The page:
- Deduct amounts paid or incurred for repair and maintenance or a change to capitalize amounts paid or incurred for improvements to tangible property, including a change, if any, in the method of identifying the unit of property, or in the case of a building, identifying the building structure or building systems for the purpose of making this change;
- Deduct non-incidental materials and supplies when used or consumed;
- Deduct incidental materials and supplies when paid or incurred;
- Deduct non-incidental rotable and temporary spare parts when disposed of;
- Capitalize acquisition or production costs;
- Deduct certain costs for investigating or pursuing the acquisition of real property;
- Dispose of a building or structural component; and
- Dispose of tangible depreciable assets (other than a building or its structural components).
A qualifying taxpayer is permitted to make these changes without filing Form 3115 or including a statement in its tax return. Taxpayers may not choose to adopt some of the eligible changes under the relief provisions while adopting others by filing Form 3115.
Implications of the Relief
While Rev. Proc. 2015-20 does reduce the administrative burden of adopting the TPRs on small taxpayers, taking advantage of the relief is not without consequences. Taxpayers choosing to adopt the TPRs under the relief provisions of Rev. Proc. 2015-20:
- Will not receive audit protection for prior years on any TPR-related methods;
- May not make a late partial disposition election;
- May not write off separately stated assets that were replaced prior to the 2014 tax year; and
- May not write off items previously capitalized that would be deductible as repairs under the improvement standards of the final TPRs.
Given that these opportunities for write-offs will be permanently lost, taxpayers should carefully consider whether they can benefit from the write-off opportunities before choosing to adopt the TPRs under the small taxpayer relief provisions. Keep in mind that any eligible taxpayer that does not include in its 2014 tax return a Form 3115 for the TPR-related accounting method changes has effectively chosen to apply the small taxpayer relief provisions, whether intended or not.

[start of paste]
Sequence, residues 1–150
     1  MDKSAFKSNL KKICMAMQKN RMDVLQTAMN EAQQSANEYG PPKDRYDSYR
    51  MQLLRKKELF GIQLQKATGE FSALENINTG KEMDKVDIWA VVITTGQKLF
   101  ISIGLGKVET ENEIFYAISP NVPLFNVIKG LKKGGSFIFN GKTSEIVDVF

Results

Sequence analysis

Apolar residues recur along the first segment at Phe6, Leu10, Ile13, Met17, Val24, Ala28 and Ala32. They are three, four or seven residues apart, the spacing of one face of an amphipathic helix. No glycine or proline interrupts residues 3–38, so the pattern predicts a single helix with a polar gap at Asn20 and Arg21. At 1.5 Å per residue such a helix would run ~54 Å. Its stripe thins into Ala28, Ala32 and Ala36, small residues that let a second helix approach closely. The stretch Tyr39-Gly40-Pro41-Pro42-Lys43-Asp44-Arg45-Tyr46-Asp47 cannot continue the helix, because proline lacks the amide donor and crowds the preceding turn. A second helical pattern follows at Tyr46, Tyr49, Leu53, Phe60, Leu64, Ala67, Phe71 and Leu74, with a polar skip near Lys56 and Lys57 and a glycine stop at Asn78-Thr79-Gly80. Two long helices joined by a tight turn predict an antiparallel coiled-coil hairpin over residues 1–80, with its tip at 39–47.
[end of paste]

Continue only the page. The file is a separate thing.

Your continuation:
What Does This Mean for the TPRs Going Forward?
The impact on compliance with the TPRs in the future is minimal. The TPRs are still in full effect beginning with the 2014 tax year and all taxpayers (regardless of size) with tangible business property, materials and supplies, or repairs and maintenance expenditures must be in compliance with the final rules going forward. Similarly, all of the annual elections, like the de minimis safe harbor election, are still available. Rev. Proc. 2015-20 simply allows small taxpayers to adopt the TPRs without incurring the cost of calculating 481(a) adjustments or preparing Form 3115.
Please contact your local CBIZ MHM tax advisor to discuss opportunities for write-offs under the TPRs and whether you should take advantage of the Rev. Proc. 2015-20 relief provisions.
Copyright © 2015, CBIZ, Inc. All rights reserved. Contents of this publication may not be reproduced without the express written consent of CBIZ. This publication is distributed with the understanding that CBIZ is not rendering legal, accounting or other professional advice. The reader is advised to contact a tax professional prior to taking any action based upon this information. CBIZ assumes no liability whatsoever in connection with the use of this information and assumes no obligation to inform the reader of any changes in tax laws or other factors that could affect the information contained herein.
CBIZ MHM is the brand name for CBIZ MHM, LLC, a national professional services company providing tax, financial advisory and consulting services to individuals, tax-exempt organizations and a wide range of publicly-traded and privately-held companies. CBIZ MHM, LLC is a fully owned subsidiary of CBIZ, Inc. (NYSE: CBZ).